Bruno Rocca took charge of the family business when his father died in 1978. Previously, Bruno had been working at Ferrero Rocher in Alba, because the family farm could not support more than one family by selling its grapes. He started bottling the wine and soon established a name for himself as one of the finest producers in Barbaresco, thanks in no small part to his vineyards on the prized hill of Rabajà. Today, Bruno runs the estate with daughter Luisa and son Francesco. Total production is around 65,000 bottles.
Stylistically, Bruno is a consummate modernist, making wines (from his 15 hectares of vineyard) of great fruit intensity that retain the structure and elegance of the Langhe at its best. Anyone who deems Barbaresco lighter and more ‘feminine’ (as the old books say) than Barolo should try Bruno’s wines. Due to low yields from a fabled slope like Rabajà, the wine has a wonderful intensity and balance. Their two single vineyard wines are from the ‘Rabajà’ and the ‘Currà’ Crus. They are approachable yet elegant and, while drinking well now, capable of ageing beautifully over the next decade. Their most recently released Barbaresco Riserva ‘Currà’ and Barbaresco Riserva ‘Rabajà’ are both produced from a strict selection of grapes and matured in French oak casks for 24 to 36 months, then a further 24 months in bottle, before release. This year, Bruno is releasing the 2013 vintage of the Barbaresco ‘Maria Adelaide’. Made exclusively in the best vintages from a selection of their most outstanding vineyards, it is dedicated to Bruno’s mother, Maria Adelaide, who guided the family with her extensive knowledge of the Barbaresco vineyards and wines. Each is an ode to Nebbiolo, with the elegance and finesse that are Bruno Rocca’s signature.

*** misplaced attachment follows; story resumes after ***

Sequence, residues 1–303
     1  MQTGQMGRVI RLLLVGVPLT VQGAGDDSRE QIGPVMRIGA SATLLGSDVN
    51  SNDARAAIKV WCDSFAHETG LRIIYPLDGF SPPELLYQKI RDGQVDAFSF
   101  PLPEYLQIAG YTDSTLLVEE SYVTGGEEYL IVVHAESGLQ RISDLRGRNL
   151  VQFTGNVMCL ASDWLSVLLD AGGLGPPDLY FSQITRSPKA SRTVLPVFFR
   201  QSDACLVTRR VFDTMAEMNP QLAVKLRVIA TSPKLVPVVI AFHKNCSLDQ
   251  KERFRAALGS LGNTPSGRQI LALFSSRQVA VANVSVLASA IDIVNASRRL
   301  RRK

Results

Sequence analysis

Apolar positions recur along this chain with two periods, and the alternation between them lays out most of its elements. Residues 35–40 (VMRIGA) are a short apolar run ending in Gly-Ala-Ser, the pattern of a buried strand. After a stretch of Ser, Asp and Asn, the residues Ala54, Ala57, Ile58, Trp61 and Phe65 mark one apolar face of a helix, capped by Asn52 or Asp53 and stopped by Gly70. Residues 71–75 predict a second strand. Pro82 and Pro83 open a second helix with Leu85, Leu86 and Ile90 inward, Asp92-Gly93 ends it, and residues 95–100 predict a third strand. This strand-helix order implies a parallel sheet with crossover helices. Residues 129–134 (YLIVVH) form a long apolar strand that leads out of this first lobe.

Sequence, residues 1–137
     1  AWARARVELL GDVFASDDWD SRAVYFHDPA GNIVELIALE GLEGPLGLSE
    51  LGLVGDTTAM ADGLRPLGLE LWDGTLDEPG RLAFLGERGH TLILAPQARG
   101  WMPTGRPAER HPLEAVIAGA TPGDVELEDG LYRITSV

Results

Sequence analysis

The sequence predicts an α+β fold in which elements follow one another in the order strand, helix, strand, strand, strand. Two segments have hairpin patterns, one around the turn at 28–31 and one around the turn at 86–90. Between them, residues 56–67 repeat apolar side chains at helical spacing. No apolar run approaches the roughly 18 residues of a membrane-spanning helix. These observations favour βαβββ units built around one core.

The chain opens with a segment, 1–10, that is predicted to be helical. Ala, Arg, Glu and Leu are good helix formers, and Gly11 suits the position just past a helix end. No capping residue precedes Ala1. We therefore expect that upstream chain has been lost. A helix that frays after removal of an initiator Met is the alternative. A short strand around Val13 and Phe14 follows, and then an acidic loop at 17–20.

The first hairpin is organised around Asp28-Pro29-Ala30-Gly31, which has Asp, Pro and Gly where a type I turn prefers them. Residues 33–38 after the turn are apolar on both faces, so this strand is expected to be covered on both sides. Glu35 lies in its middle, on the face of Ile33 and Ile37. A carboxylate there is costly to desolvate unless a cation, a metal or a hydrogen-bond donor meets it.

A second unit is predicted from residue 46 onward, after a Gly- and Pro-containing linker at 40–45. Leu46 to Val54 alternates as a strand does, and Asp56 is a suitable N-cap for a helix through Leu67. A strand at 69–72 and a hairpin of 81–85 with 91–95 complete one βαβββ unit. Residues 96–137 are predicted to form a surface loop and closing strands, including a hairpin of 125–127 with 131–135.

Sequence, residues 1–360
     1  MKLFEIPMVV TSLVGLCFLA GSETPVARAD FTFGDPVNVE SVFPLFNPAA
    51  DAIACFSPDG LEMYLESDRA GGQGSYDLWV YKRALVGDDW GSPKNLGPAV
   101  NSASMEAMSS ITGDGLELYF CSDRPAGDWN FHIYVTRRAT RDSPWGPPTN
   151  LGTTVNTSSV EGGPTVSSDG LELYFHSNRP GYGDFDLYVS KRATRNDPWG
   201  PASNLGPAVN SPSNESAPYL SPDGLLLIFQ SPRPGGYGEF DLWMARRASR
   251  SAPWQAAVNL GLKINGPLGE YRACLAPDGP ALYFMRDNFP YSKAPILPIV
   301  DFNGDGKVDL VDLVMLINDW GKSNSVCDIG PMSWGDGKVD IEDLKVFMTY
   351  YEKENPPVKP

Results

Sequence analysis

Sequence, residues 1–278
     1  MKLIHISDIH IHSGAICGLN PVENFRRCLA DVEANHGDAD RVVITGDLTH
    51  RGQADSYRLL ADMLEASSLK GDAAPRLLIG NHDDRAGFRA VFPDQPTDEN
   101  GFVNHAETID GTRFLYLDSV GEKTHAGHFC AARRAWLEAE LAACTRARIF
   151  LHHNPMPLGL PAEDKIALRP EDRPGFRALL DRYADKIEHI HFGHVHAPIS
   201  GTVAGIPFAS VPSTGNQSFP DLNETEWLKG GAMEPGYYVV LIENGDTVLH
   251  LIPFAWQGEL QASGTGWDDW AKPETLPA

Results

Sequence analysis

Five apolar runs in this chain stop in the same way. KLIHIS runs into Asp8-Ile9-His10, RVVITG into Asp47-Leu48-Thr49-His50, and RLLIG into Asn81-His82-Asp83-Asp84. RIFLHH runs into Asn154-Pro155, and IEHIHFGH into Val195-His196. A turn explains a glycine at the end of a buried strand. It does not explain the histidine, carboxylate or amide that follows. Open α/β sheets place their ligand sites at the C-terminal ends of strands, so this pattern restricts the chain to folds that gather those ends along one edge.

Their Barbera d‘Alba, from 50-year-old vines, is complex and structured. The grapes for his Barbaresco come from younger vineyards, some of which are on sandier soil, resulting in a more forward, perfumed wine. It is superb for drinking now.
Vintage 2019 started with a snowy winter which provided the soil with water reserves. From February onwards warm temperatures led to an early budding. Flowering took place between mid-May and beginning of June. Summer was dry without rainfalls from the second half of June throughout the month of July, and temperatures were stable with highs well above 30°C. However, the vineyards did not suffer from drought, thanks to the plentiful water reserves accumulated during the early months of the year. The high temperatures over summer meant grapes reached ripeness ten days earlier than the previous vintage. A careful, targeted green harvesting was carried out, managing foliage carefully to cover grapes and avoid sunburn. At harvest yields were on average in terms of quantity. The fruit quality was very promising with excellent tannins which will certainly ensure elegant long-lasting wines with good structure and colour intensity.